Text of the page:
Because the defendant objected to the statements contained in the autopsy report and death certificate at the time of trial, we review the constitutional error to determine whether it was harmless beyond a reasonable doubt. Commonwealth v. Nardi, 452 Mass. 379, 394 (2008) .

         Review under this standard requires us to consider, among other factors:

"[1] the importance of the evidence in the prosecution's case; [2] the relationship between the evidence and the premise of the defense; [3] who introduced the issue at trial; [4] the frequency of the reference; [5] whether the erroneously admitted evidence was merely cumulative of properly admitted evidence; [6] the availability or effect of curative instructions; and [7] the weight or quantum of evidence of guilt."

Commonwealth v. Dagraca, 447 Mass. 546, 553 (2006).

         Here, the erroneously admitted statements from the death certificate and the autopsy report were of little, if any, consequence. First, the improper testimony was cumulative of Evans's properly admitted opinion as to the cause of death. Evans opined as to the cause of death independently from what was on the death certificate. See Commonwealth v. Scesny, 472 Mass. 185, 198 (2015); Commonwealth v. Emeny, 463 Mass. 138, 145-146 (2012). Further, the statements regarding the length of the head lacerations had nothing to do with whether the defendant was the assailant: they did not tend to incriminate the defendant, nor did they detract in any way from the defense's argument that he was not the assailant. Finally, given the DNA evidence, discussed in more detail infra, together with the evidence of motive and opportunity, and taking everything into consideration, we conclude that the errors did not contribute to the guilty verdicts. See Commonwealth v. Sinnott, 399 Mass. 863, 872 (1987).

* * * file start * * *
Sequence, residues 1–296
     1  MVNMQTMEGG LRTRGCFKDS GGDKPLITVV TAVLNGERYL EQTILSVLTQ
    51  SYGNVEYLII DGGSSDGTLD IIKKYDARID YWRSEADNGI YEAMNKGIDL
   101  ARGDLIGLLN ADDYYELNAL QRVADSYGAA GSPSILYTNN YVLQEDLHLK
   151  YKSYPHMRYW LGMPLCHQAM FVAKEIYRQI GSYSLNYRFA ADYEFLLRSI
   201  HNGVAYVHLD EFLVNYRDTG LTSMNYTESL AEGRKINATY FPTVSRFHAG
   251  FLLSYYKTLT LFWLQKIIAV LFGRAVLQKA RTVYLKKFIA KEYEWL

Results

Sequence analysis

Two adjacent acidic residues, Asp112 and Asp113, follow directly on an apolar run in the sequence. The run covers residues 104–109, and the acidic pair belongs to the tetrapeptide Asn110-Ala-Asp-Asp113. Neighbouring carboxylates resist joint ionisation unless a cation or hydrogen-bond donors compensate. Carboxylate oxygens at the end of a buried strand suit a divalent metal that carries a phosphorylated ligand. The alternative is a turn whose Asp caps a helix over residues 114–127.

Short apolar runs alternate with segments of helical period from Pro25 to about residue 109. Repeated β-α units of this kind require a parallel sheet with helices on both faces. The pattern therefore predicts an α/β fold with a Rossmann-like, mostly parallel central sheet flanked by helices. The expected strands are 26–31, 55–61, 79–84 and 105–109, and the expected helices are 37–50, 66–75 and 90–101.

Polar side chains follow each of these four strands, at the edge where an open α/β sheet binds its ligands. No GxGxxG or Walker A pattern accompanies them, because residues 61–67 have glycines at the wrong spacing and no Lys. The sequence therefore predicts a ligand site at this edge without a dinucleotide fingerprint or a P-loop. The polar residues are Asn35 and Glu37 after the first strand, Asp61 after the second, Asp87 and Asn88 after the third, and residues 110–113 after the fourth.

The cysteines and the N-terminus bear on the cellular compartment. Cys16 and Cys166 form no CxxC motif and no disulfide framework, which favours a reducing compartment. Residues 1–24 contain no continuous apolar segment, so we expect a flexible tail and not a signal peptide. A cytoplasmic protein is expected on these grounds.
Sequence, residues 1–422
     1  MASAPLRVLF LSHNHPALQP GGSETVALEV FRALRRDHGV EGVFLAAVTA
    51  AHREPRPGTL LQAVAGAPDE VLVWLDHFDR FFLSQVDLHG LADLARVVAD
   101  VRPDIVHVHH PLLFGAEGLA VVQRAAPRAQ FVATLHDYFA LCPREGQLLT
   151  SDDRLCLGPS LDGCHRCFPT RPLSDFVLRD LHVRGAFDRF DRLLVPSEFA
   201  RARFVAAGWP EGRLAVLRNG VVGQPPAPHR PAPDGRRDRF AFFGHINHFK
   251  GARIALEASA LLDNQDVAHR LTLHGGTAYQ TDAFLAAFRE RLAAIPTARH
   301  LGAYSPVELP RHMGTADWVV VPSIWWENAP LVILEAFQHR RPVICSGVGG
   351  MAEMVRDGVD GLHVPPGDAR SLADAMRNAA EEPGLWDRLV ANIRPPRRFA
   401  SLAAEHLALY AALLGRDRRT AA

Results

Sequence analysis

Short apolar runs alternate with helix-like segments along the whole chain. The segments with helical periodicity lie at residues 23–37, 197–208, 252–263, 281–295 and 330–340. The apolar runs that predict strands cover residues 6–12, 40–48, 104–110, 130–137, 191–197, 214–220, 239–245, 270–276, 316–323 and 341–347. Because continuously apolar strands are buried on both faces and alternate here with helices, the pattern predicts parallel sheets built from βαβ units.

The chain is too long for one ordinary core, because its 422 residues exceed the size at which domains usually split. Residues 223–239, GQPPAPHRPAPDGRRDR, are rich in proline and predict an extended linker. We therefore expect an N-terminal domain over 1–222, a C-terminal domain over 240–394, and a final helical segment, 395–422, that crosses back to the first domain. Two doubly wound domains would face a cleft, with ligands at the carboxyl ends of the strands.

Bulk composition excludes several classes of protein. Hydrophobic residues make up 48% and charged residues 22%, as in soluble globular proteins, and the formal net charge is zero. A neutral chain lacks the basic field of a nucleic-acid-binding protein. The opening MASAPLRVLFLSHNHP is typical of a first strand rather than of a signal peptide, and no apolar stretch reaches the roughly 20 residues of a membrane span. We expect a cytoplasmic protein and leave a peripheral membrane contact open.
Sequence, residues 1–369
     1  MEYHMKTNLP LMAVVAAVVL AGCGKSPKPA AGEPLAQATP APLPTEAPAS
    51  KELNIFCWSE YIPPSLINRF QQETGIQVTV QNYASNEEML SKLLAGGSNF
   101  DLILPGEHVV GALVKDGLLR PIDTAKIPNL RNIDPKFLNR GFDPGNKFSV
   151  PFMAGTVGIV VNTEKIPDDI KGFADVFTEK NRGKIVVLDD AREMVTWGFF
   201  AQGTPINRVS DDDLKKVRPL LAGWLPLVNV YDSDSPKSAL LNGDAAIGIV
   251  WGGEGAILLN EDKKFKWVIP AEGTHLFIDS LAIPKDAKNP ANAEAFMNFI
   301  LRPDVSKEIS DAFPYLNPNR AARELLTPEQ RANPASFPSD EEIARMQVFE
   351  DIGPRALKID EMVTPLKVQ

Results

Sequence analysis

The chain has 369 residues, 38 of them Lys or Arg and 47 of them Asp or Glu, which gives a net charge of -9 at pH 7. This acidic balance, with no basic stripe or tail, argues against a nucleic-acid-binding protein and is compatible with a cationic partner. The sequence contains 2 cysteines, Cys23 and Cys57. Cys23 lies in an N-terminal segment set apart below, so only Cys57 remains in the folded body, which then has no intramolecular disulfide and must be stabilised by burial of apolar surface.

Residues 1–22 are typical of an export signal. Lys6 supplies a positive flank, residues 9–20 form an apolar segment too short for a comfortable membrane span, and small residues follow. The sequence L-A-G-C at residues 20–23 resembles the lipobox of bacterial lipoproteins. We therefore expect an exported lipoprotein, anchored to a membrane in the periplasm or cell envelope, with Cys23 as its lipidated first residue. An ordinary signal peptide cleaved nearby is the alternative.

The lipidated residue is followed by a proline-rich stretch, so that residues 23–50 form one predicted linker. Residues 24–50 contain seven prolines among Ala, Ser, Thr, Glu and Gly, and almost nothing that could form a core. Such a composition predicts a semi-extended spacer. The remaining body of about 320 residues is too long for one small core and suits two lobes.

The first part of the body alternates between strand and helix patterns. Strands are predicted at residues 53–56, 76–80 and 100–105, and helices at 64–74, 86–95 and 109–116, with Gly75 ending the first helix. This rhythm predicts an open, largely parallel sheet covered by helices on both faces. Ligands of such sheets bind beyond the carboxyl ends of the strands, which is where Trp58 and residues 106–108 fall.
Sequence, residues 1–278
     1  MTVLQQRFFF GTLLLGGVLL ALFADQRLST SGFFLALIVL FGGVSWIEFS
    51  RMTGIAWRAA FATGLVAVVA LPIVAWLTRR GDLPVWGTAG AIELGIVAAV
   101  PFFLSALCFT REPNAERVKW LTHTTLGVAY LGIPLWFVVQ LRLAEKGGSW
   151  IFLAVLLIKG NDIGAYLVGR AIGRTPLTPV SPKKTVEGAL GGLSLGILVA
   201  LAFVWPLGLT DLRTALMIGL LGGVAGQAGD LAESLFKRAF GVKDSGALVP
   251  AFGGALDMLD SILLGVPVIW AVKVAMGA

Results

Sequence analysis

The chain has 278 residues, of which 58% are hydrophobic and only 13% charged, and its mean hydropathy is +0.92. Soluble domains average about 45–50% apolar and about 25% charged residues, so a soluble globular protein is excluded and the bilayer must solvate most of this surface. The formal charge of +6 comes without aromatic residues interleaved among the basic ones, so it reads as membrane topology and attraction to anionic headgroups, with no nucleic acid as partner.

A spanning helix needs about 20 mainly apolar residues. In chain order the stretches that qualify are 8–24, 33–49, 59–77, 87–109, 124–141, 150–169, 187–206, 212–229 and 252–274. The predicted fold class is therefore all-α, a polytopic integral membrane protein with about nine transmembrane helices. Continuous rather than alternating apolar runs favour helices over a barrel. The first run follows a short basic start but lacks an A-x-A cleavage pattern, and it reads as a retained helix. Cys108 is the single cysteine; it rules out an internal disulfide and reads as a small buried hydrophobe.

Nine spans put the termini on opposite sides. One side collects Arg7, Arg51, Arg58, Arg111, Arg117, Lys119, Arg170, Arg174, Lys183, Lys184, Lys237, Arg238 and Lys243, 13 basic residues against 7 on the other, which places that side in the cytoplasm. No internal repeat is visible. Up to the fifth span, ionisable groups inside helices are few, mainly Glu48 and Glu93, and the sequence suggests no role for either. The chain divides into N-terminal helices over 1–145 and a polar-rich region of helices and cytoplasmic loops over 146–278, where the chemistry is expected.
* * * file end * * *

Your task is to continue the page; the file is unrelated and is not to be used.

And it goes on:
2. DNA evidence.

         At trial, the Commonwealth presented DNA evidence through three expert witnesses who gave opinions implicating the defendant in the killing. The defendant ...